Political Animals: Why Aren’t More Women in Power?

New series from USA Network looks at the difficulties of being a woman seeking power in America

by Imran Siddiquee

Yesterday Ezra Klein at the Washington Post laid out 14 reasons why this might just be the worst session of Congress in U.S. history. From an inability to pass bills to an increasing unpopularity amongst the American public, Klein lays out some convincing arguments for why our political representation needs to shape up – and shape up fast.

Yet there was one fact that was clearly missing from his list: currently only 17% of Congress is female. And 2010 was the first time in 30 years that the numbers didn’t increase for women.

One can’t help but wonder how the effectiveness of Congress might change with more women in office.

Not to say that all female politicians are the same or automatically great, but for a country that is 51% female, it’s frustrating how severely we are limiting our potential. For hundreds of years we have been choosing our leadership – in politics and beyond – from a very narrow pool of candidates.

It might be time to try something new.

Which begs the question: what’s holding women back? Studies have shown that when women run, they win. So why aren’t more women going for it?

From media bias to societal stereotypes about women seeking office, a new show on USA hopes to expand this conversation around women and power in America. Political Animals premieres on Sunday, July 15th at 10 pm and features a main character who may or may not be based on the real life Hillary Clinton.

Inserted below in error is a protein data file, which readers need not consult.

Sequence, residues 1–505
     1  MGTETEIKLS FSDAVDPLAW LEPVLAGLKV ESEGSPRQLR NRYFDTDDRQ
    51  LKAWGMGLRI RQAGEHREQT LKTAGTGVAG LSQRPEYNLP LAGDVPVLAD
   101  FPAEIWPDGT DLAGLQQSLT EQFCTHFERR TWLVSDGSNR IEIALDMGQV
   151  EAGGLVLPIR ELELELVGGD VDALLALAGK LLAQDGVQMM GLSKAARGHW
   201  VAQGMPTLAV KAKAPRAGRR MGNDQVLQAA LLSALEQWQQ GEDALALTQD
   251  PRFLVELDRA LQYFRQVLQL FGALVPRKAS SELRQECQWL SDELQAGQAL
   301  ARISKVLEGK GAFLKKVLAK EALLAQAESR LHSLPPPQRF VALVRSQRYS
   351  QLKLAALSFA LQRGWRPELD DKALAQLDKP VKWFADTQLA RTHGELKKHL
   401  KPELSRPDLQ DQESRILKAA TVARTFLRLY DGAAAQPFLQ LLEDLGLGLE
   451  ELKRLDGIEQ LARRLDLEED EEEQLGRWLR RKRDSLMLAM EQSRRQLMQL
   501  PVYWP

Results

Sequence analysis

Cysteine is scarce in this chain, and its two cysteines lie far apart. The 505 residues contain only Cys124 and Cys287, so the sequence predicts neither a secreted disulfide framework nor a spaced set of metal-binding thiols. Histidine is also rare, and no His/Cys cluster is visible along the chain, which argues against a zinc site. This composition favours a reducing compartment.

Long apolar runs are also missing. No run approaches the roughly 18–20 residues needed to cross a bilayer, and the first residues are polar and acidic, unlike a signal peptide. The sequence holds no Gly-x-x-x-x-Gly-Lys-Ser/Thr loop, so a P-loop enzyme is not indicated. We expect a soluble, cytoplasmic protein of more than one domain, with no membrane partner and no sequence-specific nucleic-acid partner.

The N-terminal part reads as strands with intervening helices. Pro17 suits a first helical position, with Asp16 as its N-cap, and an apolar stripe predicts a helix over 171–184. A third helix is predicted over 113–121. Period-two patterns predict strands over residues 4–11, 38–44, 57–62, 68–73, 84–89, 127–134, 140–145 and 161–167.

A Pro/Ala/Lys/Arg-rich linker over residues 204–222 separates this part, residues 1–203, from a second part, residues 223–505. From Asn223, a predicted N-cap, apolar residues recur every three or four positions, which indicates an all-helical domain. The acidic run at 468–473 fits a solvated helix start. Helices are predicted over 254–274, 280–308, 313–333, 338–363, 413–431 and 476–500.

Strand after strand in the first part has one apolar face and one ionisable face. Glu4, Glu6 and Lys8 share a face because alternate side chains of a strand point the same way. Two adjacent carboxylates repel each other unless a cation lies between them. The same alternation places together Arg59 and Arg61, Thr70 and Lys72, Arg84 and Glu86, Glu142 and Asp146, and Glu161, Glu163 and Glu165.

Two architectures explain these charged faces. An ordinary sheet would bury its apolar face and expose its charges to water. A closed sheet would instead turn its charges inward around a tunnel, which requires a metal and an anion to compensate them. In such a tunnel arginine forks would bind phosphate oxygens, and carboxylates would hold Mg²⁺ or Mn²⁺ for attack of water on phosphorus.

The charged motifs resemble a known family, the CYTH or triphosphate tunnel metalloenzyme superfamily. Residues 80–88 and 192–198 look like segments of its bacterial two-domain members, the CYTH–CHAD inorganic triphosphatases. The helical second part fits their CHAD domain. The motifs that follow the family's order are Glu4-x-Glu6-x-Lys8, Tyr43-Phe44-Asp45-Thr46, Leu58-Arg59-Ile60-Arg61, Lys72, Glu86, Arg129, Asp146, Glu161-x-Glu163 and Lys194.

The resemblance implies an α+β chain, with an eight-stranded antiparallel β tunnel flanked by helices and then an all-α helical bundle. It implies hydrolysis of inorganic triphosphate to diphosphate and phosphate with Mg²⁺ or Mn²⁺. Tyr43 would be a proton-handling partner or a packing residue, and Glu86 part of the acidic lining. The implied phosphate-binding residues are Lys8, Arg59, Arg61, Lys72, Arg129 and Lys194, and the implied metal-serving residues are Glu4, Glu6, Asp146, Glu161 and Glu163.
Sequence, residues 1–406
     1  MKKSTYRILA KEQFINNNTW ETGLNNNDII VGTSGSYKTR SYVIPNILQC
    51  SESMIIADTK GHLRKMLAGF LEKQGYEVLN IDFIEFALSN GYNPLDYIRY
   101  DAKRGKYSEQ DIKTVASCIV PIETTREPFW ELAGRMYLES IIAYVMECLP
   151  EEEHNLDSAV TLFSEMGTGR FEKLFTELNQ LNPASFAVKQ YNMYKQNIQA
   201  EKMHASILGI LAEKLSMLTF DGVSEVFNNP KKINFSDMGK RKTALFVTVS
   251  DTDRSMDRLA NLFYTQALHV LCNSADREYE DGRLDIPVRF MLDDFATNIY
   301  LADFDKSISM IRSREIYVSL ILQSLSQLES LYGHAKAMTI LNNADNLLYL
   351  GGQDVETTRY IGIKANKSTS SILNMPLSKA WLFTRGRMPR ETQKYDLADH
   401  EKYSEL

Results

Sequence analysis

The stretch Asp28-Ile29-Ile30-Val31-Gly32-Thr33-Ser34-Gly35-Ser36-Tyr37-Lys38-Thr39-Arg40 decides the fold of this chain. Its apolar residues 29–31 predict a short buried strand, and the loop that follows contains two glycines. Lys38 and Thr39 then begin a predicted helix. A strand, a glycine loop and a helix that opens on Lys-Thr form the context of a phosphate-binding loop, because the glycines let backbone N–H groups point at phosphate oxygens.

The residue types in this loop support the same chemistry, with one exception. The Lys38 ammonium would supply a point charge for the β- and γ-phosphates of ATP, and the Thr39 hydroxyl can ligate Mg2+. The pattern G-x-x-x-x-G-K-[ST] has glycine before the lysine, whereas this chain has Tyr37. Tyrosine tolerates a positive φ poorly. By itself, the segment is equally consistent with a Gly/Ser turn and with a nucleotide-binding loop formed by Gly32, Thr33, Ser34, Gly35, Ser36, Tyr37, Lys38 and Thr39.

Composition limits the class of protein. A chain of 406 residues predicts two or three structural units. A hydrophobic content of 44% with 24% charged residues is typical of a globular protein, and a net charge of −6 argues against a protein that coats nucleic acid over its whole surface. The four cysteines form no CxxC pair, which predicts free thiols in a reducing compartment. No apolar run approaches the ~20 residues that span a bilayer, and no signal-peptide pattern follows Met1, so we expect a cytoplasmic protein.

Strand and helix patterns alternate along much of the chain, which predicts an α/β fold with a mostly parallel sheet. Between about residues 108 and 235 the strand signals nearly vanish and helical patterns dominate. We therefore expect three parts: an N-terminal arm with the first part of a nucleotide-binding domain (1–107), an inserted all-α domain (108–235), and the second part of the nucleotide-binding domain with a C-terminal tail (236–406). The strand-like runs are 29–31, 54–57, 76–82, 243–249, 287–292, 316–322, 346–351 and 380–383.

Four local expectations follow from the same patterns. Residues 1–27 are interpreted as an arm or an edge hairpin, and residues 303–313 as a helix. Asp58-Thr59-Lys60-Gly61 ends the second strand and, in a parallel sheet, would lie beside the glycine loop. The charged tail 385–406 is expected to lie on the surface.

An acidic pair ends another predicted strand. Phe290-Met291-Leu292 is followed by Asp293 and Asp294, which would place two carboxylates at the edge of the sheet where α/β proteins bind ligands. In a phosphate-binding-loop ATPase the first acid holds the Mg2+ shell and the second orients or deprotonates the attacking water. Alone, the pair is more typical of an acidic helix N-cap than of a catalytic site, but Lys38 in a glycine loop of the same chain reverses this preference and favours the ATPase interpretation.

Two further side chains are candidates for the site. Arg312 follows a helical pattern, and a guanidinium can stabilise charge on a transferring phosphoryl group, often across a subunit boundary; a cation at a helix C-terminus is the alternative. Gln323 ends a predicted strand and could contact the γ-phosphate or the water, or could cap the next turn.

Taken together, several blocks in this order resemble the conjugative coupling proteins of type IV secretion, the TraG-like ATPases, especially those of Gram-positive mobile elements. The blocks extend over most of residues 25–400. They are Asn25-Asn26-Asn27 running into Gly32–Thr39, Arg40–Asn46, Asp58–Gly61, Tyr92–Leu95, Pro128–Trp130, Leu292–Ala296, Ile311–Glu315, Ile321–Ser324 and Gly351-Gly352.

As the website describes it:

“Sigourney Weaver stars as former first lady and current Secretary of State Elaine Barrish Hammond who is attempting to keep her family together while simultaneously dealing with crises of the State Department and fending off the hungry DC journalist (Carla Gugino) who is bent on destroying her career.”

We’ll be watching on Sunday to see how the network balances depicting the female characters three-dimensionally with the potential pitfalls of traditional portrayals of powerful women. Will Weaver’s character be caring and decisive? Or will she be portrayed as a cold distanced leader? How will the journalist’s reporting of her, impact how the country actually sees her? And will the show avoid needlessly hyper-sexualizing the women as so often happens on TV?

There are so few opportunities to see women in these types of roles in major television productions, that it’s essential we take the time to watch and critique those that do make it on screen. The more young women who see TV about women in power, the more likely we are to see the gender ratios in Congress change.

You can join us online at 10 pm PT as we use hashtag #PAChat on Twitter to live-discuss our take on the premiere!